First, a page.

As The Diplomat noted last week, Japan’s nuclear energy providers are struggling to remain profitable with all the country’s nuclear reactors currently offline. The government is highly aware of its struggling nuclear power sector, and the threat of another summer where Japan’s energy grid is stretched to the limit, and energy imports soar. With both of these problems in mind, three news items highlight the direction both the government and nuclear companies may take to avoid another summer energy crunch.
To begin, consider the problem nuclear energy providers are facing. The Kansai Electric Power Co. (Kepco) last week lost a Fukui District Court ruling to restart two reactors at its Oi Nuclear Power Plant in Fukui Prefecture, a ruling that Kepco is currently appealing. On Tuesday, Kepco President Makoto Yagi said, “We’ve appealed the verdict, which means the ruling is not yet confirmed. Our thinking hasn’t changed about restarting the reactors as soon as their safety has been confirmed,” according to the Japan Times.
Yagi gave three conditions upon which the reactors would be restarted. First, the power plant must receive a positive safety inspection from the Nuclear Regulation Authority (NRA). Yagi said permission to restart would also need to be granted by both local and central authorities. Receiving permission from Prime Minister Shinzo Abe’s government should be a minor hurdle. However, winning the support of nearby communities will be much more difficult. The mayor of Maizuru, Ryozo Tatami, whose city is within 30 km of the Oi power plant, said, “We need a safety check involving experts selected by Maizuru and Kyoto Prefecture.”
The Fukui District Court ruling would allow people living within 250 km of the plant the right to sue to have the plant closed. According to a separate Japan Times article, “The entire Kansai region, most of Chubu, including Nagoya, much of Chugoku, including Hiroshima, and roughly a third of Shikoku lies within 250 km of the Oi plant.”
Despite strong local opposition, Abe’s government is determined to bring back online as many nuclear reactors as logistically possible. On Wednesday, an NRA official told AFP that Abe’s government wants to replace two of five commissioners serving on the NRA when their terms expire. One of the commissioners Abe reportedly most wants to replace is Kunihiko Shimizu, who has been criticized for saying that at least two reactors sit on active fault lines.
The NRA official who spoke with the AFP said that the terms of both Shimizu and former under-secretary general of the United Nations, Kenzo Oshima, are set to expire in September, at which point Satoru Tanaka and Akira Ishiwatari will be nominated. Chief Cabinet Secretary Yoshihide Suga said Tuesday the two men “are the best people, who can assume their duties independently, with view to science, neutrality and fairness.”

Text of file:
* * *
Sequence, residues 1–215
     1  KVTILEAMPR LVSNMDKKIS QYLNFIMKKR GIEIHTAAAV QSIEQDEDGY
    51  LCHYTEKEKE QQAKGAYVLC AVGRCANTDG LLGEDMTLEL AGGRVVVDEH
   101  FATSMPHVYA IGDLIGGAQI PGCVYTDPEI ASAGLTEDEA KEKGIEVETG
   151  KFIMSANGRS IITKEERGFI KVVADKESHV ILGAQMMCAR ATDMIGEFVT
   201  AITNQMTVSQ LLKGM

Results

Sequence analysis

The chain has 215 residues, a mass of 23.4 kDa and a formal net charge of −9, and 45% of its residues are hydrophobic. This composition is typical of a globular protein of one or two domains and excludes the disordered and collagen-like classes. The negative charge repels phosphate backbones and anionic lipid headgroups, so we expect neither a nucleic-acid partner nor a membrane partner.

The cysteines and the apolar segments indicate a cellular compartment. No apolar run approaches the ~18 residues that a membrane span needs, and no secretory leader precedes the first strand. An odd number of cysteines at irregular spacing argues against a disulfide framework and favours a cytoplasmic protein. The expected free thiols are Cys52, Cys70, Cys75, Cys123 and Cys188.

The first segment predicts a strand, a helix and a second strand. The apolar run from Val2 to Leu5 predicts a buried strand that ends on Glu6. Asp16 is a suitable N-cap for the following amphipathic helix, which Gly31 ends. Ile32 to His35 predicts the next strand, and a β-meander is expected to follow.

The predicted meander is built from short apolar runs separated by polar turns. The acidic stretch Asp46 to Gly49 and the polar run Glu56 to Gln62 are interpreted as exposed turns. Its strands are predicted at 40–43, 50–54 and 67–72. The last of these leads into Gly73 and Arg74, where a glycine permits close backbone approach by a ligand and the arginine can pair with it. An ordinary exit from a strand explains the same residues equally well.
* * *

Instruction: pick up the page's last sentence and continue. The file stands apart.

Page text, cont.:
On Monday, the NRA also approved a plan to freeze the soil under disaster stricken Fukushima Daiichi nuclear power plant. The ice wall is intended to keep the polluted water used to cool the reactors from mixing with groundwater that may seep in below the plant. While this idea has been employed before in the construction of tunnels near water courses, scientist point out that nothing on this scale has been tried before. Since the decommissioning of the plant is expected to last decades, the Fukushima ice wall will be in employed longer than any previous uses of the technology. Approval of a plan so much larger and more ambitious than any previous ice wall shows the limited options both the Tokyo Electric Power Co. (Tepco) and the NRA have at the moment in dealing with such a massive clean-up effort.
The multiple dimensions of Japan’s nuclear conundrum make grappling with it (and finding a nationwide solution) difficult for all parties involved. Abe’s government is determined to bring down energy imports that wreak havoc every summer with Japan’s balance of trade, which is exacerbated due to the weak yen. Local governments and their constituencies are determined to keep the tragedy of Fukushima as far from their own doorstep as possible. The inability of Tepco to adequately address the continued problems at the Daiichi power plant only further reinforces the fear of people who live near existing reactors. Despite Abe’s insistence, local populations are likely to keep the number of reactors that come back online much lower than the government wants, at least in the near future, as long as the central government and energy providers give them veto power.